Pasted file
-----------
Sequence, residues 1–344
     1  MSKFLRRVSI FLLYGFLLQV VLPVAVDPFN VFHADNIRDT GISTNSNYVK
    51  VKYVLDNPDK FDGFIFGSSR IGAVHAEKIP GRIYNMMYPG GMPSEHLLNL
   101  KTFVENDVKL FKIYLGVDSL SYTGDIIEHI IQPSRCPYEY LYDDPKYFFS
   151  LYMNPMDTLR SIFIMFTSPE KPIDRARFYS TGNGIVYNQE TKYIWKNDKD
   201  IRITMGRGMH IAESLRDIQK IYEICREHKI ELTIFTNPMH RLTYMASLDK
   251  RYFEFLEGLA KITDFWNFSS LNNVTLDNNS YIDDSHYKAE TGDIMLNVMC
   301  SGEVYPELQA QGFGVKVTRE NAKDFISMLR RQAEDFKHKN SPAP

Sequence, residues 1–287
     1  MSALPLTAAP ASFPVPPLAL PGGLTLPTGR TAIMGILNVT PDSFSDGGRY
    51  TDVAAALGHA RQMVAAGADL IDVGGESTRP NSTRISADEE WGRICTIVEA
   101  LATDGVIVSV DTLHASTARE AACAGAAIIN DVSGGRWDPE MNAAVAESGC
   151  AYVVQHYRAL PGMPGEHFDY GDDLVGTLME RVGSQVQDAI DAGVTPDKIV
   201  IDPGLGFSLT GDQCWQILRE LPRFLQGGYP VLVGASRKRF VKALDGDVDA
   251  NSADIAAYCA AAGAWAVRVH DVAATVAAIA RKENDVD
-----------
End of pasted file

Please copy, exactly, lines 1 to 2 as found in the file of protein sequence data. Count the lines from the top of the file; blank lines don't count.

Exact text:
Sequence, residues 1–344
     1  MSKFLRRVSI FLLYGFLLQV VLPVAVDPFN VFHADNIRDT GISTNSNYVK